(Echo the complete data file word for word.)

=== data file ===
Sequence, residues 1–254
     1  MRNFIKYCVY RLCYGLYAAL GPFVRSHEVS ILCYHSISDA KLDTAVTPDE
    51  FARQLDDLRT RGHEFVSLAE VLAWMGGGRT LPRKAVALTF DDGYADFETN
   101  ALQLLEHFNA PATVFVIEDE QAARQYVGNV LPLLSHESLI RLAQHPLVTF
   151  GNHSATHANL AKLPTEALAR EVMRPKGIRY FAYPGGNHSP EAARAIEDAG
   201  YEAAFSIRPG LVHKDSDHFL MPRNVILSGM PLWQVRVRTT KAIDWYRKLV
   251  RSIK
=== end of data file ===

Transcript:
Sequence, residues 1–254
     1  MRNFIKYCVY RLCYGLYAAL GPFVRSHEVS ILCYHSISDA KLDTAVTPDE
    51  FARQLDDLRT RGHEFVSLAE VLAWMGGGRT LPRKAVALTF DDGYADFETN
   101  ALQLLEHFNA PATVFVIEDE QAARQYVGNV LPLLSHESLI RLAQHPLVTF
   151  GNHSATHANL AKLPTEALAR EVMRPKGIRY FAYPGGNHSP EAARAIEDAG
   201  YEAAFSIRPG LVHKDSDHFL MPRNVILSGM PLWQVRVRTT KAIDWYRKLV
   251  RSIK